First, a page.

Anyone who knows my mother-in-love (MIL) would agree that she’s a pretty cool customer. She’s warm and funny, supportive and wise and one of the most positive people I’ve ever met. She’s also a total babe and plays the double base in a jazz group but that’s beside the point. She’s been a psychologist, a music teacher, a museum docent and apparently now dabbles in some light trafficking.
Today I arrived home to find this in my mailbox:
Check out the size of that bottle! But wait there’s more.
Boxes and boxes of Shopper’s Drug Mart brand rapid release acetaminophen expertly hidden by newspaper (my MIL says it throws the dogs off). Aren’t they beautiful? I swear to you if you’d told me a year ago I’d be this happy about a shoebox that didn’t have any shoes in it I would’ve written you a prescription.
After I tore open the package, made a tuna sandwich with globs of Miracle Whip and took two capsules just because I could, I noticed a white envelope taped to the brown paper wrapping. I opened it expecting a packing slip but instead I found a note, not from my MIL but from another mother altogether. Apparently when Neil’s mom went to the post office the woman serving her saw my name on the parcel and asked if I was the psychiatrist who used to work in Halifax. They got to talking and sure enough I had treated her daughter a few years back.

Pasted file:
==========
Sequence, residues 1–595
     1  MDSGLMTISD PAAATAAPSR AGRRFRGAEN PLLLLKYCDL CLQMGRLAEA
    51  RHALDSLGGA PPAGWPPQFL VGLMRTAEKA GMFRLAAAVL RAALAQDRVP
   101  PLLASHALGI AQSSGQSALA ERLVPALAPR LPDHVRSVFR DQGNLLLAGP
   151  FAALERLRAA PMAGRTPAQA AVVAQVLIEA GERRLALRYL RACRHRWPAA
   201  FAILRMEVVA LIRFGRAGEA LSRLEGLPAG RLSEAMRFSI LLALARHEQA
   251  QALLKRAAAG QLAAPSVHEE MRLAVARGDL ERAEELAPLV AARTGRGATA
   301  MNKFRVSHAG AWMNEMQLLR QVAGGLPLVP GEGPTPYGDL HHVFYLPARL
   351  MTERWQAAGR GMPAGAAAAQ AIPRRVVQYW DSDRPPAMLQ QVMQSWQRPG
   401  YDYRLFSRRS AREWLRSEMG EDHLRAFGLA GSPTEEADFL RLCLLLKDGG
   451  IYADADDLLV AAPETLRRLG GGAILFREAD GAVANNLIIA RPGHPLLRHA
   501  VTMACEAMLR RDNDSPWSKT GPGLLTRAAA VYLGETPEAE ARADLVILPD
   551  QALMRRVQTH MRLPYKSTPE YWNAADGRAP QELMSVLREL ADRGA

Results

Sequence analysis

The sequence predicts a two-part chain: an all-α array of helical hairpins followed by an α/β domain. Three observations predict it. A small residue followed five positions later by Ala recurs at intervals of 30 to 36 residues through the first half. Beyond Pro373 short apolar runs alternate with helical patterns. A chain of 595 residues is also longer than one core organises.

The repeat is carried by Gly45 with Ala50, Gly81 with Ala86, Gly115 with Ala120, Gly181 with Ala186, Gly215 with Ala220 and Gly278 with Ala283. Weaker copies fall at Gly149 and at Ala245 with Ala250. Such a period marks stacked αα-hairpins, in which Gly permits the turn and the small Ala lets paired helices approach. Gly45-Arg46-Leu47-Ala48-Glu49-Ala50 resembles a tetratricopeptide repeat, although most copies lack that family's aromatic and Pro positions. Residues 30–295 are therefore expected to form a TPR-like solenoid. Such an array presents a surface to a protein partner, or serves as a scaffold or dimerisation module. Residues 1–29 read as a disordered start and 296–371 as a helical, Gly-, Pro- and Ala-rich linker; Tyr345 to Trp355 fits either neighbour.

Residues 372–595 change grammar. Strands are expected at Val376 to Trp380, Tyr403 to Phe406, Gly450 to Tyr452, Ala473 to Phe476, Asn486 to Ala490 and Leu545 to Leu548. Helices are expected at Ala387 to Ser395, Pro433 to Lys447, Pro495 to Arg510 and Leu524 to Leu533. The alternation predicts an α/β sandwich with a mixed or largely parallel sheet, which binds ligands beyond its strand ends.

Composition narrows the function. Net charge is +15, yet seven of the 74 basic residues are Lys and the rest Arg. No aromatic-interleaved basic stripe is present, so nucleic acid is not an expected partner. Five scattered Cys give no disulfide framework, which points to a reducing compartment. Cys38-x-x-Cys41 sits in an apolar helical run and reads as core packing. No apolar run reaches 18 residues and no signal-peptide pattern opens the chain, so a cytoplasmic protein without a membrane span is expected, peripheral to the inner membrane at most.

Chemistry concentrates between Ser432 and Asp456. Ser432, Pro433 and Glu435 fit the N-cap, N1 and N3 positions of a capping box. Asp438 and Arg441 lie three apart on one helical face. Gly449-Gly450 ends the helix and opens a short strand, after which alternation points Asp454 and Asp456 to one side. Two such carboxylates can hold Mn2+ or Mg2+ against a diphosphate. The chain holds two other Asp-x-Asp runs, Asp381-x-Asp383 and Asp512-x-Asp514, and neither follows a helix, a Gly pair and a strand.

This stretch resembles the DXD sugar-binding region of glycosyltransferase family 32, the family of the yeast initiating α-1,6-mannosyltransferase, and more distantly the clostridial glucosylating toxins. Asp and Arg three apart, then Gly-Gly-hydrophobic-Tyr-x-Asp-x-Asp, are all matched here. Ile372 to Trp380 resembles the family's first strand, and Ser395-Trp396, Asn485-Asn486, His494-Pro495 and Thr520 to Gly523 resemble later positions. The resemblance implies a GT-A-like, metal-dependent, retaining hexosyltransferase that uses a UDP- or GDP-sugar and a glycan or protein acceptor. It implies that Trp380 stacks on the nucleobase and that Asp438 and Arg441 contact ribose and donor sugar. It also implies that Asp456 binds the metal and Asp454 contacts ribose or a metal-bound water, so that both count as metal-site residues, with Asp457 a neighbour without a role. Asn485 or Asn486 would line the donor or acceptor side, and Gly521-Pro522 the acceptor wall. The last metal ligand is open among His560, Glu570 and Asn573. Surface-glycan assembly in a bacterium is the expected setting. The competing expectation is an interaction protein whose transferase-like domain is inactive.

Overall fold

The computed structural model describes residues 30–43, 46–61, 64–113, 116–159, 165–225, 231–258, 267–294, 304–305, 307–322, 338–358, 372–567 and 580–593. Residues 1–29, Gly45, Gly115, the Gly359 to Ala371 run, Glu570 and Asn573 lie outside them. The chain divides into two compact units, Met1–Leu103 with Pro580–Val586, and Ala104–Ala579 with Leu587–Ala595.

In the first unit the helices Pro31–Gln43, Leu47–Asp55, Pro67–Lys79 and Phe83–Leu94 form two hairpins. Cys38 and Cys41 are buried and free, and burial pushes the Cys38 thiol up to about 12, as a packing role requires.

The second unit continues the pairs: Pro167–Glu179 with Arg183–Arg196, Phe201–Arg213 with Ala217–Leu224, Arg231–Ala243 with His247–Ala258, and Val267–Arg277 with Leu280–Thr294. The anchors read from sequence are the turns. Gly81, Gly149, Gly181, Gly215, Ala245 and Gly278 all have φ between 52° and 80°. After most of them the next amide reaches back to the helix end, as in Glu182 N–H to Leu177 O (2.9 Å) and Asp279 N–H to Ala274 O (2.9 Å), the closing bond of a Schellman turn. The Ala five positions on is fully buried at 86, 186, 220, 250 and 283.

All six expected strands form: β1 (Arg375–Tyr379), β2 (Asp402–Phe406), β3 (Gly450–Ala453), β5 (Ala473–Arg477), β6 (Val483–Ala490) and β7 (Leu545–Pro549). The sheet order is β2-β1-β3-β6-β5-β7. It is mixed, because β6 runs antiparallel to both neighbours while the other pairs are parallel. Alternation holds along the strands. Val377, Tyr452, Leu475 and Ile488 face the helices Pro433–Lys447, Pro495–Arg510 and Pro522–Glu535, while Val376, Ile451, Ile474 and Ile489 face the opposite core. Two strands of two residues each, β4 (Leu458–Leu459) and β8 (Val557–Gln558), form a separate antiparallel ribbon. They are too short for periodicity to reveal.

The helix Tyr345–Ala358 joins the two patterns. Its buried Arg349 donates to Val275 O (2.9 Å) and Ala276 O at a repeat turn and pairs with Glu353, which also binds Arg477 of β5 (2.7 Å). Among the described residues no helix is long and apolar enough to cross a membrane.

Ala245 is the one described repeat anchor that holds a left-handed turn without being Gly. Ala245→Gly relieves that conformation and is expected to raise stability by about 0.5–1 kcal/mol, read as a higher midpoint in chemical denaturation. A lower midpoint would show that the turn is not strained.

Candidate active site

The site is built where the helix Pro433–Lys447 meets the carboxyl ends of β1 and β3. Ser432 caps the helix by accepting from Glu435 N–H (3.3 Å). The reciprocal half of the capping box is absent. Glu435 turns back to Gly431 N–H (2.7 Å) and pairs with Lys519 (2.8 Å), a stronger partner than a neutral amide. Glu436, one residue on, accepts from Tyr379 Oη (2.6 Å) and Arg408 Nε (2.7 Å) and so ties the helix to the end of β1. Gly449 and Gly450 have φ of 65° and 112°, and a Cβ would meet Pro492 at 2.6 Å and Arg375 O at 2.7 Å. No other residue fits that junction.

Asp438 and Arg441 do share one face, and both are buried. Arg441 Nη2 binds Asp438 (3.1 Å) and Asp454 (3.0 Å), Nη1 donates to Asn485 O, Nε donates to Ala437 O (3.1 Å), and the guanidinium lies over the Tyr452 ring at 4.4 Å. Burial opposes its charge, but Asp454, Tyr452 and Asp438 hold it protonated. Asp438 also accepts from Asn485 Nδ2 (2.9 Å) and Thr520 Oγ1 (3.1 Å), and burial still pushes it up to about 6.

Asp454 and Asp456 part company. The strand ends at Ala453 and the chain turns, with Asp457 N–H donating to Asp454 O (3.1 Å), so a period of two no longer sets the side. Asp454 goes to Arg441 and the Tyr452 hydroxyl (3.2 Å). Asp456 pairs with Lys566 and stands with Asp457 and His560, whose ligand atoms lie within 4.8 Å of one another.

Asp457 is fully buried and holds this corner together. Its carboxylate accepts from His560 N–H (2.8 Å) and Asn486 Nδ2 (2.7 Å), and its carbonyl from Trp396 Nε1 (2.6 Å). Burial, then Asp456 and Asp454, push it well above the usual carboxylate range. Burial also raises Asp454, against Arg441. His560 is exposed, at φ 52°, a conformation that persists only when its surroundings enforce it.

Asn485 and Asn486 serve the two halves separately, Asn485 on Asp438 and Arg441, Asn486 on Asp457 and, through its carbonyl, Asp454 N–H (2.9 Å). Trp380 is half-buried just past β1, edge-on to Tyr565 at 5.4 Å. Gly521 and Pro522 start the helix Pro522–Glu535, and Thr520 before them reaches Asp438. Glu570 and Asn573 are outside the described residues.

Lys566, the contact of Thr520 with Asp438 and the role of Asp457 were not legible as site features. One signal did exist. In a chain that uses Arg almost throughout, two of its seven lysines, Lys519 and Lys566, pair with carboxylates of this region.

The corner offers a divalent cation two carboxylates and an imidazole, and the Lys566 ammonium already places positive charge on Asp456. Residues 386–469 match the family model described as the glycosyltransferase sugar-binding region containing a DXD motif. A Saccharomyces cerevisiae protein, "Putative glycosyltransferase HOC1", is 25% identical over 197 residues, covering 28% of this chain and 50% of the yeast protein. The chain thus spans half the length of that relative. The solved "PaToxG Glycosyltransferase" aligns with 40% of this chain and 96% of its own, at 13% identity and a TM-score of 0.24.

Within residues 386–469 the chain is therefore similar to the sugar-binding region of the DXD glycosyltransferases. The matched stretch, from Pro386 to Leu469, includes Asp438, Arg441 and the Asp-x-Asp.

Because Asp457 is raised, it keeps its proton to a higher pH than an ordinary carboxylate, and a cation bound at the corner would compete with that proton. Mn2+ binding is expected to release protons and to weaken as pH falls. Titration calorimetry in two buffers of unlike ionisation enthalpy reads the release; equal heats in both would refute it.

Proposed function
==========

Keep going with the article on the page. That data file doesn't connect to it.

Imagine the kindness of that woman taking time out of her busy day to write me a note. I remember her and her daughter well. She didn’t mention her child and that usually means one of two things. I choose to believe that her daughter is all grown up, happy and healthy and singing her heart out, something she used to do regularly during her sessions with me.
Anyway, this mother wished me well and hoped that I was enjoying France “because you deserve the best.” Okay, I’ll buy that and between my MIL, the son she produced and the Miracle Whip I’d say things are right on track.
I smiled as I thought about my patient’s mother taping that letter to the package and I wondered if she asked if she could. I imagine it’s illegal to tamper with anyone’s mail but then again she probably took one look at my well coiffed and beautifully dressed mother-in-law and said to herself, “I know a dealer when I see one. That letter’s going on.”